2. Actions matter more than intentions. You are what you do. Bruce Wayne protests that he’s not the playboy he seems to be upon running into childhood friend Rachel Dawes in Batman Begins, and she replies: “But it’s not who you are underneath, it’s what you do that defines you.”  So act on your best intentions now. Fund R&D before that great engineering talent walks out the door. Promote that awesome but overqualified clerk you hired before he’s stolen away.
  3. Trust people with the truth. “Leaders often trick themselves into thinking that people can’t be trusted with the truth. ” That’s a bad idea, particularly when things aren’t going well with your organization. Trust your team, and you’ll find they redouble their efforts to solve the problem at hand, just as Gotham does when the city learns the truth about Harvey Dent.
  4. You need to risk failure in order to succeed. (Dark Knight Rises SPOILER) When discussing what seems to be an impossible jump required to escape prison in the Dark Knight Rises, Wayne says he doesn’t fear death. A fellow prisoner chastises him, pointing out that it’s the fear of death that will drive you to “move faster than possible, fight longer than possible.” Don’t focus on not losing what you have.  You’re just as likely to lose it by not risking it. Encourage your team to take risks when they’re required in order to succeed.
  5. When you do fail, don’t let it destroy you. Fighting harder after failing defines true greatness and courage. (Dark Knight Rises SPOILER) Batman rises above his defeat by Bane in the Dark Knight Rises and fights for Gotham that much harder. Forbes blogger, Alex Knapp concludes his post by pointing  out that great business leaders do the same. “In other words, Steve Jobs learned to pick himself back up. So did Bruce Wayne. And so can you.”

Can you think of any other Batman lessons? What would you add?

Ritu Walia is an FG Analyst.

Presidential Email Strategies

There’s no avoiding the fact that it’s an election year. You get bombarded just flipping through the channels, stopping by a newsstand, or even checking your email and favorite sites. In every way possible, election year is upon us.

Personally, I get emails from candidates straight into my inbox. It’s one way of keeping up with important national events and getting news from the campaign trail. It’s interesting to see how many myGreenlight values play into the communication strategies of the presidential candidates. Continue reading

Relationship Roundup

This week in the Roundup, how to manage separate social media identities, employee relationship building, confidence in business, and staying relevant on twitter.

Separate identities – One of our modern dilemmas for reputation management involves the decision to create and manage different profiles for different social media platforms. This SmartBlog on Social Media shares the results of a recent poll on the topic and the pros and cons of separate identities. Read it here: http://bit.ly/Ls8EgT.

Building the employee relationship – The foundation of all great relationships start with trust. Learn how to strengthen the relationships important to your business in this SmartBlog on Leadership: http://bit.ly/NzUa1C.

Be larger than life – Big audacious goals require a big audacious perception of self. A Harvard Business School Professor shares lessons from a case study that illustrates the best practices of using confidence and influence to create a big impact in business. Read the HBR blog here: http://bit.ly/Lyr6cq.

Boost the perception of competence – Those who voice an opinion project confidence to others. For some tips for putting your voice into the discussion and gaining greater influence, read the SmartBlog on Leadership here: http://bit.ly/NzsmZS.

Lead nurturing through Twitter – There are new rules for lead generation in the social media stratosphere. Read this Marketo blog for some rules for engagement: http://bit.ly/OZEJhE.

Kibibi Springs is myGreenlight’s Community Director.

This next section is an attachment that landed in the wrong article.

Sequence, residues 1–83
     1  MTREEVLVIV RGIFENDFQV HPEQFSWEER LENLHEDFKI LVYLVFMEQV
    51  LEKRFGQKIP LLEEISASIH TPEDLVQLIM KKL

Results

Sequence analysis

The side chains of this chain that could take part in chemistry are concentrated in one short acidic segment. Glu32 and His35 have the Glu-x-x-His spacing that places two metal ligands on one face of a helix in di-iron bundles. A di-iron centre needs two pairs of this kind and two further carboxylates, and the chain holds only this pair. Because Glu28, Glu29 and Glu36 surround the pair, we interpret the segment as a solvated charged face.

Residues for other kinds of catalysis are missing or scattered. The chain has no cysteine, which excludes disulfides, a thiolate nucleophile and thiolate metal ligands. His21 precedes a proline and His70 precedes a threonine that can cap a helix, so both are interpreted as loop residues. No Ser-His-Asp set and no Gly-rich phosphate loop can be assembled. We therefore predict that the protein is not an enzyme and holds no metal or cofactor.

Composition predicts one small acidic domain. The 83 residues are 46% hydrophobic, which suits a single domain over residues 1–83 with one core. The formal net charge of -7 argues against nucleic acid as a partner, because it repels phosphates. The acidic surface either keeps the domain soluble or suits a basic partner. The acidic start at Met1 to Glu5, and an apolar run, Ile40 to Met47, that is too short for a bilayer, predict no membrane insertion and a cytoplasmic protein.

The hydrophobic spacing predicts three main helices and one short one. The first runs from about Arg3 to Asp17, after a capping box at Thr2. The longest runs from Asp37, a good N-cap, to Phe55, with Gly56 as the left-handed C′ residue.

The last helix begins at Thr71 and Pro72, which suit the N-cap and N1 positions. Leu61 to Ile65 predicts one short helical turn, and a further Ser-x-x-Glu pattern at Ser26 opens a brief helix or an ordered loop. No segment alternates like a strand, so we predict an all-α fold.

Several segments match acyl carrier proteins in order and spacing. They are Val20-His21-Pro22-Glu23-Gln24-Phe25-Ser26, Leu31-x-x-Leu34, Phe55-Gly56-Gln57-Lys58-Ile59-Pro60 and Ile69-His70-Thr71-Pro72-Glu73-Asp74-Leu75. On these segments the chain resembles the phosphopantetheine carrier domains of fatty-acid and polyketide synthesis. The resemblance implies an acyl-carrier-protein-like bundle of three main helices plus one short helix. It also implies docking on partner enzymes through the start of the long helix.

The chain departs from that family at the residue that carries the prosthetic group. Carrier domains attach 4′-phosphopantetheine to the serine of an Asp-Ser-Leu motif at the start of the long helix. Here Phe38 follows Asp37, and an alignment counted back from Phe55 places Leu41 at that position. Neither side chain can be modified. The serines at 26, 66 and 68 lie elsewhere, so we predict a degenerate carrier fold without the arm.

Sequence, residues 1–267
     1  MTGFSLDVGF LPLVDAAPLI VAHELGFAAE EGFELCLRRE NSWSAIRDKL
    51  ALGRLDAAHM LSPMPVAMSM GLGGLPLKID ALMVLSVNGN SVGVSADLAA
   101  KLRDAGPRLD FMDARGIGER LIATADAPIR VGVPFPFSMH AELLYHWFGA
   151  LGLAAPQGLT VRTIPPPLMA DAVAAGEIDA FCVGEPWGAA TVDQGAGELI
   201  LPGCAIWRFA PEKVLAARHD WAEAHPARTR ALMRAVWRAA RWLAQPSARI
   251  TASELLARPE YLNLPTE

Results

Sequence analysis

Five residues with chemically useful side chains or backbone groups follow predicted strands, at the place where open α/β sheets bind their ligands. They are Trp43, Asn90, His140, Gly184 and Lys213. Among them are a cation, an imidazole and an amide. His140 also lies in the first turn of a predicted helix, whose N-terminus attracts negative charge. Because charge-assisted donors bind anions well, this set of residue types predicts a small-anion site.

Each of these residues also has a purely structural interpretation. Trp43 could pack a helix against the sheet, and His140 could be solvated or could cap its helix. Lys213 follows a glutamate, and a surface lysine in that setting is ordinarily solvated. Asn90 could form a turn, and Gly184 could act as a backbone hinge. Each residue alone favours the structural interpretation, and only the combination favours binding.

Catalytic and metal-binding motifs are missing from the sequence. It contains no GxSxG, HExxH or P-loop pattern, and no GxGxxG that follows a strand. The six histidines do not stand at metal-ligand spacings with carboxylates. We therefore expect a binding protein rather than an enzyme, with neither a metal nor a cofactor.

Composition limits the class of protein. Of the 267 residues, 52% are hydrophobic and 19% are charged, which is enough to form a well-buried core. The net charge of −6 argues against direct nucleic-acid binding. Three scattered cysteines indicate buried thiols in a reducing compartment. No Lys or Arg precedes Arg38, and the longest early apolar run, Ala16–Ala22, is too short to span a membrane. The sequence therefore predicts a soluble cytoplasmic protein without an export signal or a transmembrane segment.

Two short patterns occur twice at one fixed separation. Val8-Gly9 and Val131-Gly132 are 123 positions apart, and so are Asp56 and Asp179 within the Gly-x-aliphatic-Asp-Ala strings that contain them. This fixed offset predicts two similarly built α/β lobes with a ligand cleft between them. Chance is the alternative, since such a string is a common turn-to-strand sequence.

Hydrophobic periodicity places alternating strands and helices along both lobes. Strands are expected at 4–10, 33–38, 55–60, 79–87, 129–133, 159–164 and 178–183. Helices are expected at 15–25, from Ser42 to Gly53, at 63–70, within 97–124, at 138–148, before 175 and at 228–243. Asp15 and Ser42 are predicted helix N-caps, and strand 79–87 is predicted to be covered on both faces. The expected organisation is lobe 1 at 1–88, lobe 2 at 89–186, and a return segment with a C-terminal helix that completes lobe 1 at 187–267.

Our July 26 Social Capitalist: Jeff Hayzlett on How to Be Bold, Controversial, and Unhated (Mostly)

Join us LIVE on the Social Capitalist, July 26 at 12 PM ET, as we interview Jeffrey Hayzlett, the bestselling author, marketing expert, and international business celebrity who has made appearances on Celebrity Apprentice, MSNBC, and Fox Business.

This webinar is a must for anyone who needs to market and sell their unique expertise to survive and thrive. These are skills necessary not just for sales, but in any client interaction where it’s up to you to drive a course of action for mutual success.

Register here!

Jeffrey will share the mindsets and skills he’s used to forge a reputation as a bold personality and fearless change agent. He’s written two books on the subject,The Mirror Effect and this year’s Running the Gauntlet: Essential Business Lessons to Lead, Drive Change, and Grow Profits. Both include tales from the trenches: As the former CMO of Kodak, a company still struggling to transform itself for the digital age, Jeff won both respect and criticism for railroading through dramatic but vital changes.

Prepare for a crash course on how to raise your profile, strengthen your brand, and blow up your professional impact. Topics we’ll cover:

  • How to consciously drive and shape your brand so others can “see” you
  • How to hook and sell anyone in 118 seconds
  • How Jeff handled the fallout of unpopular decisions at Kodak
  • How to respond to your most scathing critics, both privately and through social media
  • And, because we can’t help but ask, the most interesting lesson he’s learned from “The Donald.”

Don’t miss it! Register here.

The call will be 45 minutes, with 15 minutes of audience Q&A. Everyone who registers will receive the MP3 recording and transcript the week after the call.

Christine Comaford and the Buddhist Principle that Changes Everything

Christine Comaford – author, entrepreneur, coach, and ex-Buddhist monk – has a unique pedigree and an equally unique perspective on leadership. In this excerpt from her Social Capitalist Live Interview, she shares her thoughts on the roles that focus and presence, key Buddhist principles, play.

Christine says:

Focus and presence to me are the foundation of leadership. When you choose to be exactly here, exactly now, there’s a couple of things that happen.

First of all, people feel that you’re aware, they feel that you care. Let’s also think about social media and why it’s so popular. It fulfills this deep need in people to be seen. When you grew up, did you really feel seen and acknowledged as a kid? Probably not. In your daily life, do you feel like people are really deeply, profoundly connecting with you every moment? Probably not, right? The more input we have coming in, the more phones and email, texting and etc., the less present we are. Continue reading